“The next departure is 7:30 p.m.,” announced a voice over the intercom at the Van Nuys FlyAway, the sleek, park-n-ride bus terminal where you can hop a ride to LAX.
That seemed to be the signal to move, and the young men and women standing sentinel-like by the circular information desk came to life. Everyone had a wheeled suitcase, and their gestures of greeting and expectant waiting looked normal enough. One woman tapped her foot. Another ran forward a few steps waving, her face lighting up with delight. But, oops, no, that wasn't her friend/lover/ride. The waiting resumed.
A white-haired woman without a suitcase hurried past the information desk into the restroom, not even noticing the unusually self-contained men and women. On the way out, however, she did a double-take at this slightly abnormal scene, probably clued in by the 75 spectators lining the walls, staring intently at these “travelers.” A little bit of The Twilight Zone in the Valley.
This was how FlyAway Home by Sarah Elgart began Sunday evening. Dance first arrived at the Van Nuys FlyAway courtesy of choreographer Anna B. Scott in May 2011. Elgart's piece debuted a few months later. Both shows were so popular that the Los Angeles Department of Cultural Affairs teamed up with Los Angeles World Airports to produce a series of three concerts this September and October. Elgart, a director, choreographer and dancer who glides between commercial and concert dance, was invited to reprise FlyAway Home. In addition, Heidi Duckler and String Theory made new pieces several weeks ago.
FlyAway Home became more suggestive and creative as it went along. The artistic choices facing a site-specific artist are filled with potholes not faced by a choreographer working in a theater. How much do you choose to recognize and illustrate the actual purpose of this unorthodox site for dance? Too little and there's no point in being there. Too much and the dance becomes a bore, too literal.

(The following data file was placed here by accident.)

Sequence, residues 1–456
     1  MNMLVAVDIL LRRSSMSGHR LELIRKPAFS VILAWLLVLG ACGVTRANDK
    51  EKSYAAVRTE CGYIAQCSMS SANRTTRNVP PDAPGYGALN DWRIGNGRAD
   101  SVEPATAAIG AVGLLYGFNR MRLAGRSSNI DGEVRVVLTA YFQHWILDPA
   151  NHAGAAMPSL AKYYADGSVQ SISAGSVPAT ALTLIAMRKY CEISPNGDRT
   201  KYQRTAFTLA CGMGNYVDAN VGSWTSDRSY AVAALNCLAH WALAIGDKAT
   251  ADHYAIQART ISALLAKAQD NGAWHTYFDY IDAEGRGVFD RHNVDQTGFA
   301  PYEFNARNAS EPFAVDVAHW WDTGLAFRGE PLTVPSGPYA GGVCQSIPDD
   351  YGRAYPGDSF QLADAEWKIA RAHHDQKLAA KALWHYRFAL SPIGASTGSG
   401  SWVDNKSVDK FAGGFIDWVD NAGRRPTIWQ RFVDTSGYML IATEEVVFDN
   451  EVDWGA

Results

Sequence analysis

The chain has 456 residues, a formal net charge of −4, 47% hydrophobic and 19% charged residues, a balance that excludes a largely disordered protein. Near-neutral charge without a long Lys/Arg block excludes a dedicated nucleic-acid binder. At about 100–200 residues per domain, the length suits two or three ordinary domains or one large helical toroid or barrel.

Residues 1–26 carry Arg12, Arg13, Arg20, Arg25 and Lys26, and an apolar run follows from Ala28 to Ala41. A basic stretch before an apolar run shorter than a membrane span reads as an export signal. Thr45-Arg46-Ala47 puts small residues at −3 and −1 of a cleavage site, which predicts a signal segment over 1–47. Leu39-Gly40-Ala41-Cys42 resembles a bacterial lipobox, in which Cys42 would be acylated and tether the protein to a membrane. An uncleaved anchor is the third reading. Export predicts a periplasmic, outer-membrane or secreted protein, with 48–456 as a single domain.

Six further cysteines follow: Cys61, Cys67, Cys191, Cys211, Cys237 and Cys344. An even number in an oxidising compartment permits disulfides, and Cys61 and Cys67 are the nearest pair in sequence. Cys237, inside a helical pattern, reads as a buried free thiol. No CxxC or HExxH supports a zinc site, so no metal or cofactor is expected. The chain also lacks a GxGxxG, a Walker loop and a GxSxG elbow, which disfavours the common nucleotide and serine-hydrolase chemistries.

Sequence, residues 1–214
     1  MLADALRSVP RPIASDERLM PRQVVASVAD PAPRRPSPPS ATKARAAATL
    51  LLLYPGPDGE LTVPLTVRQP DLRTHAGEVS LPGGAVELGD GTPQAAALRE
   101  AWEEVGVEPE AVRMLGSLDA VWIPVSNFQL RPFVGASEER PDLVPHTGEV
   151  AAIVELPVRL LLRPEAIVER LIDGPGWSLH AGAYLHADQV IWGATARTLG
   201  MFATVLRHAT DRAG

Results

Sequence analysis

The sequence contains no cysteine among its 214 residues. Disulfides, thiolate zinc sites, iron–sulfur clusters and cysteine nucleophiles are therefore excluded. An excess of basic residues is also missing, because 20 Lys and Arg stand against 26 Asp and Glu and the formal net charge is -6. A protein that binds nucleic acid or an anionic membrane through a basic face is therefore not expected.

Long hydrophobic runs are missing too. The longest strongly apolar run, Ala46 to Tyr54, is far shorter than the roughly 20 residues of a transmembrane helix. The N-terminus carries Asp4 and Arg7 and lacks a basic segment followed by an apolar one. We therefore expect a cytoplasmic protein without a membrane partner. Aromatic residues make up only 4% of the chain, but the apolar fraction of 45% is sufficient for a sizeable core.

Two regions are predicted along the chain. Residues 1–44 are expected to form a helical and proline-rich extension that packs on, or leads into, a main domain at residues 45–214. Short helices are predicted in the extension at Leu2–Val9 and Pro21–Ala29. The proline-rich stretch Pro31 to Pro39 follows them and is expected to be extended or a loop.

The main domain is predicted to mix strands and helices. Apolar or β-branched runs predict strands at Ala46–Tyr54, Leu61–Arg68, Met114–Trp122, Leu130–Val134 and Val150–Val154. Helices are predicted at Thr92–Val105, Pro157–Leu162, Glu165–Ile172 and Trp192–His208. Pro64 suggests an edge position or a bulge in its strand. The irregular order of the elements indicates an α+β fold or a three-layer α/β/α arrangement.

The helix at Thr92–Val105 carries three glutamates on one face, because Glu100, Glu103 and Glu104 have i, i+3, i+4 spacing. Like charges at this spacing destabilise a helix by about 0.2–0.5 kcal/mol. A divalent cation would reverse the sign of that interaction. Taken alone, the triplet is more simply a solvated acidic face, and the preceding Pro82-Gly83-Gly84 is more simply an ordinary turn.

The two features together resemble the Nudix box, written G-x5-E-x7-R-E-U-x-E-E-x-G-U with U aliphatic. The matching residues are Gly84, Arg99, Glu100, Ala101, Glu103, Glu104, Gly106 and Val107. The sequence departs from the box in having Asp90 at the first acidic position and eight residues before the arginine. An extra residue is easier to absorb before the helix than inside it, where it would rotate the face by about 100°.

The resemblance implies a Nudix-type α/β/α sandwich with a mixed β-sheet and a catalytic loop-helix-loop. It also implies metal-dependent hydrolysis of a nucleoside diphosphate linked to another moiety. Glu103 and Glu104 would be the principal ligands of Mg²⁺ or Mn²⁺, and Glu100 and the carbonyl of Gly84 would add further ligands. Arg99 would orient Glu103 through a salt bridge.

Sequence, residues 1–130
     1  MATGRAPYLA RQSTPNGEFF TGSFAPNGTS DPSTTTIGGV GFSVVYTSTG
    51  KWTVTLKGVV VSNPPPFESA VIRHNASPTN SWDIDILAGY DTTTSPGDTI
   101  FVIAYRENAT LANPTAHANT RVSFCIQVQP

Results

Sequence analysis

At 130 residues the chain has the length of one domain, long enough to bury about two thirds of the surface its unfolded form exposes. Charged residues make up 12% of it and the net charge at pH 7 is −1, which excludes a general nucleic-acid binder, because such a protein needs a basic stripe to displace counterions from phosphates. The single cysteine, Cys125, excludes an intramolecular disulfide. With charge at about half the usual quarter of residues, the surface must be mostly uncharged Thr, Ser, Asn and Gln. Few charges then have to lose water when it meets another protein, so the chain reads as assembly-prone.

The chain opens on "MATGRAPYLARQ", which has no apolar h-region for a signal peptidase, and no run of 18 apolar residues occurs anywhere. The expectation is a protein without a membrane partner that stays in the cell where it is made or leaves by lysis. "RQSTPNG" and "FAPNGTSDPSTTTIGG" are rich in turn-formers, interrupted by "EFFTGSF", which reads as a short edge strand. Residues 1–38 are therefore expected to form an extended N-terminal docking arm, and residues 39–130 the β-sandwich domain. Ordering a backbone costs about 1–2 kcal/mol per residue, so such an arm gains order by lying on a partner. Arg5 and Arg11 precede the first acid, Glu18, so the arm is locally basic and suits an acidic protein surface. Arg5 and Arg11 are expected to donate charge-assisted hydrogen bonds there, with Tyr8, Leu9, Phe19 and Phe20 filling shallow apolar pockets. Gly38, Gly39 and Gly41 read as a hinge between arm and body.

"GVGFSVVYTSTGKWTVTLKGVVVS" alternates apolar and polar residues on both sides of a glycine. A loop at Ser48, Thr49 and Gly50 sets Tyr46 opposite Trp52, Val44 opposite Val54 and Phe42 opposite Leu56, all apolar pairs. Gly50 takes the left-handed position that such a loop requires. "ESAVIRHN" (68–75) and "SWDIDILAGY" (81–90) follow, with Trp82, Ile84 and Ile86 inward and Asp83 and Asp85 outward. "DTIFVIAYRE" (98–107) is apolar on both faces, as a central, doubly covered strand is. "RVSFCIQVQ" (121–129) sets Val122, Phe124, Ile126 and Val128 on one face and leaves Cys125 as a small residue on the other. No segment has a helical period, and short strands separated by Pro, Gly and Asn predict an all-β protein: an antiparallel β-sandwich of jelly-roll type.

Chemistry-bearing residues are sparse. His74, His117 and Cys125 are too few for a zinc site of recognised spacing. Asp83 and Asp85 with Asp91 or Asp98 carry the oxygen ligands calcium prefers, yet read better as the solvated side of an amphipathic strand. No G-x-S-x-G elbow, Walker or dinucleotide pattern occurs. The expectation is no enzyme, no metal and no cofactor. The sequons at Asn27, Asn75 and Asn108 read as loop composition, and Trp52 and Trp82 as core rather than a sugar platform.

Most of FlyAway Home took place outdoors, and its vocabulary and themes broadened once the dancers were outside, under Lili Lakich's 114-foot aluminum, brass, cooper and neon sculpture, and the beautiful tree-filled courtyard, which Elgart animated particularly well.
The moving image of a dove taking off, wings stroking, was projected against the parking structure (created by Stephen Glassman and Ed Braverman). The dancing became an off-balance fight with gravity. Dressed in white, with helium bird balloons tied to her limbs, Andrea Schermoly was a jerky marionette — until the balloons were released and she became free, too. Ja Young Kim wrestled with a stretchy yellow river of fabric with which she wrapped the courtyard trees and herself. Dancers posed above us in the parking structure and rode up and down in glass elevators. Guzman Rosado carried Sara Silkin across his shoulders, enabling her to walk on a wall.
These separate images pooled together to evoke longing for home, freedom, flying and our earthbound nature. Not new ideas, of course, but crafted with strength, liveliness, whimsy and empathy.
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